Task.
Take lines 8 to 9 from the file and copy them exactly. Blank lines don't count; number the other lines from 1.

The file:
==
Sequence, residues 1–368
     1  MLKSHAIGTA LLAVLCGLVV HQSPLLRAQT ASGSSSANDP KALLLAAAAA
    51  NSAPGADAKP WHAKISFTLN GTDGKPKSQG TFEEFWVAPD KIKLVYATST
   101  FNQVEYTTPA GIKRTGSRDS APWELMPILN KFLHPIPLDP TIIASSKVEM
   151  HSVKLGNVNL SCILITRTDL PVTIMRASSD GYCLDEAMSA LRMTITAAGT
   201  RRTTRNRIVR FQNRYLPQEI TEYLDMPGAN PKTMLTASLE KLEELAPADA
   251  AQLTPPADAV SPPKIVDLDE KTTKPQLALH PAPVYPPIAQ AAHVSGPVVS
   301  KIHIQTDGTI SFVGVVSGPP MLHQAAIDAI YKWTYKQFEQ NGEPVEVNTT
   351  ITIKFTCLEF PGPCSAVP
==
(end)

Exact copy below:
   301  KIHIQTDGTI SFVGVVSGPP MLHQAAIDAI YKWTYKQFEQ NGEPVEVNTT
   351  ITIKFTCLEF PGPCSAVP